If you are somehow managing to diligently contribute the maximum amount to your 401k and IRA accounts, then there’s good news for you in 2013. The IRS contribution limits for the major U.S. retirement accounts will be increased next year!
This is exciting news for anyone looking to invest more of their money without the burden of paying taxes on their returns. The Money Design November Update plan I proposed recently will get a big boost from these new increases that will help me to achieve my goals much more quickly and safely.
2013 IRS Contribution Limits:
Here are the official new maximum amounts you’ll be able to save in your tax-sheltered retirement accounts:
• IRA contributions: $5,500 per year (up $500 from last year)
• Employer sponsored plan contributions (401k, 403b, etc): $17,500 per year (up $500 from last year)
Remember That It’s All On You:
Don’t forget that if you haven’t started saving for retirement yet, you’re going to want to (and soon)!
Most of the classic pension plans that the older generation in the U.S. once enjoyed are now gone. The trend has gone from shifting the burden from the employer to the individual. Employer retirement plans like the 401k started becoming popular in the 1980’s and eventually became the dominate offering for most private and public firms. The IRA was created to be a supplementary and very similar type of investment plan, only this one would have no ties to the employer. Every few years the IRS contribution limits for these plans has increased.
Unlike other parts of the world such as the UK where there are very extensive types of public pension plans available, U.S. individuals are on their own for the most part when it comes to planning for retirement (with the questionable exception of Social Security). However, even our friends in the UK will need to consider funding their own pension annuities and accounts if they plan to live comfortably during the golden years.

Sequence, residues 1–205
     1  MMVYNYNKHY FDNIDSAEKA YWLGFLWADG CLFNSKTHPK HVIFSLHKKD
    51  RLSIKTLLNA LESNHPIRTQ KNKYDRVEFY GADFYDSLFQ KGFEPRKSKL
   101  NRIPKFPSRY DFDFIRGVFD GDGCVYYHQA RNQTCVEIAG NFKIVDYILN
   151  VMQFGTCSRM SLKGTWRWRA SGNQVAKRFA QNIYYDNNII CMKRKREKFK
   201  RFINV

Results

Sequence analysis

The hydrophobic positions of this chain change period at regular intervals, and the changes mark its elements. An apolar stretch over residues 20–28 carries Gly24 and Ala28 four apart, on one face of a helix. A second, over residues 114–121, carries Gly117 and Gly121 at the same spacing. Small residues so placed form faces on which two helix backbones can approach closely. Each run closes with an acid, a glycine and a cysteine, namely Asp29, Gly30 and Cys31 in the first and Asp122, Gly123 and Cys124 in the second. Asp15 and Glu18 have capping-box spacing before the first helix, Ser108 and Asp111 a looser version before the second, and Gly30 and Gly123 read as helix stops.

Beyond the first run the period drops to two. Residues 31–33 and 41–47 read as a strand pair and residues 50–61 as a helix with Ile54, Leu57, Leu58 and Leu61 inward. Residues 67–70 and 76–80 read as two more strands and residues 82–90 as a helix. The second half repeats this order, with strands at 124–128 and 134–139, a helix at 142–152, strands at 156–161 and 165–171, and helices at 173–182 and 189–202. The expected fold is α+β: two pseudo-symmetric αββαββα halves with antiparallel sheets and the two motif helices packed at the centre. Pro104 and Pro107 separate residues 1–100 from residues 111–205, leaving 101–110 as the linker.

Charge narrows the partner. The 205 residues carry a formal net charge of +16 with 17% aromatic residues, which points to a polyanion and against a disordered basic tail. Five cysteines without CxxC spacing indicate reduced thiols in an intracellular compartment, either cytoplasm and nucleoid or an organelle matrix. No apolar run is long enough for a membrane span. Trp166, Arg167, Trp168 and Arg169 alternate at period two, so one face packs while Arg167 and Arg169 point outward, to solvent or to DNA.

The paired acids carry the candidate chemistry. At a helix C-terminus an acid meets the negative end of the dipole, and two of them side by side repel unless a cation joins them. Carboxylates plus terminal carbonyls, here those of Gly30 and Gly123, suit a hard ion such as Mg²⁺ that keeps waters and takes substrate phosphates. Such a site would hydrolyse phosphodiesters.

How Long Is It Going to Take Me to Reach One Million Dollars?
One fun little calculation I like to do with the IRS contribution limits for my accounts like my IRA and 401k is to see how long it theoretically take to reach one million dollars! (There’s nothing really special about the one million dollar mark – it’s just a physiological threshold where a lot of people consider to be rich!)
Suppose you first started saving in 2013, stuck to your guns and contributed the full amount each year, and did an EXCELLENT job of not getting greedy and picked some low cost Index Funds with an average annualized return of 8%, then you’d be looking at the following results:
Suppose this all works, then we’d have the following results:
• Using IRA contributions: 35.7 years
• Using 401k contributions: 22.3 years
• Using a combination of IRA and 401k contributions: 19.5 years
That’s right – double-dip and you’re looking at the possibility of becoming a millionaire within 20 years.
If you have more questions about 401k’s or investing in retirement accounts in general, try Smartest 401(k) Book You’ll Ever Read by Daniel Solin a try. You can also consult the My Money Design resources:
Readers – Who’s excited about the new IRS contribution limits? Will anyone raise their retirement saving contribution levels next year?
2) Six Easy Steps to Figuring Out Your Retirement
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